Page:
Look at Microsoft to see how the world has changed

January 2015

In March 2009 Microsoft had a 96% market share of personal computing device sales. By March 2014 that had dropped to 23%. So a 73% drop in market share in 5 years.

In an industry so focused on Microsoft it is probable that most property people have not seen the bigger picture here; which is that a company widely considered to be the head honcho has, despite still making a ton of money, largely become a bit player in the new tech world.

And that matters. Why? Because many of the standard business processes of the property industry are stuck in a mindset that is no longer making the most of what is possible. Nowhere is this more apparent than in the mountains of reports that the industry churns out, for internal and external consumption.

Much of the criticism one hears relating to iPads and tablets in general is that ‘I need a proper computer for that’, but the ‘that’ normally refers to a spreadsheet or a lengthy, convoluted word doc or presentation. This though is to mistake the way we work now for the way we can and will work.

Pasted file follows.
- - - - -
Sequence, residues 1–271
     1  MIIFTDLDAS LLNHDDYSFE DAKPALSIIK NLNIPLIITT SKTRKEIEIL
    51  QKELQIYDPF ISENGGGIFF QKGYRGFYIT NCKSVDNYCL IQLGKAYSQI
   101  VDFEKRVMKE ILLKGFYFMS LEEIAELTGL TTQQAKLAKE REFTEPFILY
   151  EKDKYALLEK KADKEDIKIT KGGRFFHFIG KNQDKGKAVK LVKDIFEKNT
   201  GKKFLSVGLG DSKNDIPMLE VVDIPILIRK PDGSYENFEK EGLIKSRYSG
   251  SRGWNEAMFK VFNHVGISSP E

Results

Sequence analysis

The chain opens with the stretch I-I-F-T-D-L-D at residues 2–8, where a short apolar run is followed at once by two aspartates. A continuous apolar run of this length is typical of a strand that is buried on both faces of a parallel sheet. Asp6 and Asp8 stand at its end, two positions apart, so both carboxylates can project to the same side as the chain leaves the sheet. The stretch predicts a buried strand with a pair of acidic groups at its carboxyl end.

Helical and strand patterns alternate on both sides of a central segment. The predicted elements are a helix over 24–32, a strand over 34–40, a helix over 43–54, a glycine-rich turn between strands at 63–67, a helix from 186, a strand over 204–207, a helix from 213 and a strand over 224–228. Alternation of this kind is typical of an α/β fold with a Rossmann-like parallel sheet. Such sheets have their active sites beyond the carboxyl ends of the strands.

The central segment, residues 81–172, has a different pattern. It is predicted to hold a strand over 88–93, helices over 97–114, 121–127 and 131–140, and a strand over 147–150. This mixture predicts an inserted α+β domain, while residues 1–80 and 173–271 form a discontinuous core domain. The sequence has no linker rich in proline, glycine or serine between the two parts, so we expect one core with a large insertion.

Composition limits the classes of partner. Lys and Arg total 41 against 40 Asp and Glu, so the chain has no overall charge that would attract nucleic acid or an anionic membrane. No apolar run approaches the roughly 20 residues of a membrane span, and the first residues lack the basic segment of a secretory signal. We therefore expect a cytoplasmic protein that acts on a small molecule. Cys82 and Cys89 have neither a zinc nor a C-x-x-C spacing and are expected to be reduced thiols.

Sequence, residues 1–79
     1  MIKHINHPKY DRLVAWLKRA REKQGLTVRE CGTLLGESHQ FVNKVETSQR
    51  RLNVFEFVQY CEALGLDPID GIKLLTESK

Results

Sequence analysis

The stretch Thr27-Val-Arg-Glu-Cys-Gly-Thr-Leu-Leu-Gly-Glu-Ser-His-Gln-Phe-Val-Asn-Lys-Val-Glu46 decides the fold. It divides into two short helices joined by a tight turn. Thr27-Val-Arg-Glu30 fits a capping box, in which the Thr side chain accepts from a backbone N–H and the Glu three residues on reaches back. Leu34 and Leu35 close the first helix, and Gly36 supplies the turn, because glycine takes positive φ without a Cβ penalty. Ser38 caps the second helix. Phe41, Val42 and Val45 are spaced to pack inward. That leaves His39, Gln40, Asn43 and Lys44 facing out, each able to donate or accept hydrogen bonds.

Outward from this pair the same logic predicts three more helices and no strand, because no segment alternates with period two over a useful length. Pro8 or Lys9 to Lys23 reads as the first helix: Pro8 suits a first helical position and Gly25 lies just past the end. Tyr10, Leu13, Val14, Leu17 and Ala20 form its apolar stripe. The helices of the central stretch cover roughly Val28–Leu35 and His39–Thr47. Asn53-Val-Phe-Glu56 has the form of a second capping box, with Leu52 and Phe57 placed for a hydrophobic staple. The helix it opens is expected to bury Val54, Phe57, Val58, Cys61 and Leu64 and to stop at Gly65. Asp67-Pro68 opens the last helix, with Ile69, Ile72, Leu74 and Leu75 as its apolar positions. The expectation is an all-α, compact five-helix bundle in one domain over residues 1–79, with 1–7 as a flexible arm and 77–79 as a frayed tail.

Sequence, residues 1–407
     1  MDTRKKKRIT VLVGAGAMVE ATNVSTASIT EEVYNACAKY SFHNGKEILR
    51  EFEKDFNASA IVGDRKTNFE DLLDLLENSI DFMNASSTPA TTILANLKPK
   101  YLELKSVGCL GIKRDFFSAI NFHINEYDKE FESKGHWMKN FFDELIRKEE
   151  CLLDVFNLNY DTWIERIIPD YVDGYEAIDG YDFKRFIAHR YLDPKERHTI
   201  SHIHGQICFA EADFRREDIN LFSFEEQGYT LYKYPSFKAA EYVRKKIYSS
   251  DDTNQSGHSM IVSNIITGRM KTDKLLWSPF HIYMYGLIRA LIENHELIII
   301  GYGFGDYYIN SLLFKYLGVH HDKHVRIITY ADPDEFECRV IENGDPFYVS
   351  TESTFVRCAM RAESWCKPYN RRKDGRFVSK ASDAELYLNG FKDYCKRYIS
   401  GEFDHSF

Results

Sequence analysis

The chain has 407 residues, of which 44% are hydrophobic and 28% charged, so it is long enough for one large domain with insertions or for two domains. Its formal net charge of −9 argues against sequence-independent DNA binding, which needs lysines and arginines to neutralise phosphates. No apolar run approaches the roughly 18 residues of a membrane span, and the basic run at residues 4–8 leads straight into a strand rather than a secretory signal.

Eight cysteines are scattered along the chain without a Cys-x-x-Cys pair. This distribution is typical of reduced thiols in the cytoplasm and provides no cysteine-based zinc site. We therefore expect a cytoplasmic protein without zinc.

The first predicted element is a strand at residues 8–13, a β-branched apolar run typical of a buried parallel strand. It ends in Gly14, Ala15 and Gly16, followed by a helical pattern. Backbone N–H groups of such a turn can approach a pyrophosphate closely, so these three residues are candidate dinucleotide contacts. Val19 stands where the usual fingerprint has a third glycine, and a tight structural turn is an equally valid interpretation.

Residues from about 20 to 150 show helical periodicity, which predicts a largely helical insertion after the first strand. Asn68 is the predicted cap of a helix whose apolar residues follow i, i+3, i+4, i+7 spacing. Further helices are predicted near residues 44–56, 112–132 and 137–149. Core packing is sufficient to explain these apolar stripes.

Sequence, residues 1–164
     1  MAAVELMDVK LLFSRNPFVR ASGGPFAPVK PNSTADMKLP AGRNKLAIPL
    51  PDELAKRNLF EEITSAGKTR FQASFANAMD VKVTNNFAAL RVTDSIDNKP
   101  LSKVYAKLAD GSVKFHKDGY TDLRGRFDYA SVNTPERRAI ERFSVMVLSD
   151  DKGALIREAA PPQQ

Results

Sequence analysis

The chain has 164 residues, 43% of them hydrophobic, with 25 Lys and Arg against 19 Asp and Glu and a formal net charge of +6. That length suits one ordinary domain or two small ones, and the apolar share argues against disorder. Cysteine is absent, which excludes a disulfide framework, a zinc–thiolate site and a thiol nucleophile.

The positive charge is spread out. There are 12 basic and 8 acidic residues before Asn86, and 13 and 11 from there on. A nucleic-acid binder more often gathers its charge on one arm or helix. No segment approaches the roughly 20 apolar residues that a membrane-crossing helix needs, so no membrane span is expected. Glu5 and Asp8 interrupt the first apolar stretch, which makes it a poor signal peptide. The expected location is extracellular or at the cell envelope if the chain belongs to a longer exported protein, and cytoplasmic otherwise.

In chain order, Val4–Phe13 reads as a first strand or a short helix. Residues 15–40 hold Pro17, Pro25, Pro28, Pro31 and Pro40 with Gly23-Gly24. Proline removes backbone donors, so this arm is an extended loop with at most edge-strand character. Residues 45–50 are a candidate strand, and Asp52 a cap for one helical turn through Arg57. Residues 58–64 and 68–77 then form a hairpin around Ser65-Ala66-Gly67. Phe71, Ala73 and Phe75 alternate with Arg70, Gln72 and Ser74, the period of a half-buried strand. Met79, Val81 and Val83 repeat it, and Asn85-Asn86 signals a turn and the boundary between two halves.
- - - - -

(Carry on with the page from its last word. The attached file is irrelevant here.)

Take that spreadsheet; carefully crafted using a data set captured at a fixed point in time and fed back to the creator by another part of the business. The output is then, most likely, inserted as a series of tables in that monthly report.

All of which is outdated. First, the data should be available in real time to whomever needs it, secondly the Excel should be replaced by a cloud based SaaS application, and thirdly the report should be online and constantly updated as this real time data changes. The result of which would be better reports produced in a fraction of the time. And often created just the once. Thereafter they update themselves.

This sort of process has the potential to create the 10x improvement in productivity we discussed last month.

It also explains why Microsoft (though forever king of the desktop) is moving, with vigour, into cloud based services available on any device. Office for iOS would not have happened in 2009; now it is an imperative.

These new business processes just reinforce the way ‘mobile is eating the world’. Mobile devices also contain sensors, and these let you understand the world around us (the core of the property industry) and every new sensor represents a new business opportunity.

This is the year of sensors and connected devices, and the physical world has top billing in this environment. We just need to reappraise how we work, where real value can be created and how our toolkit needs to change to make the most of the stunning opportunities out there.

Or it might be one of us that loses 73% market share in five years.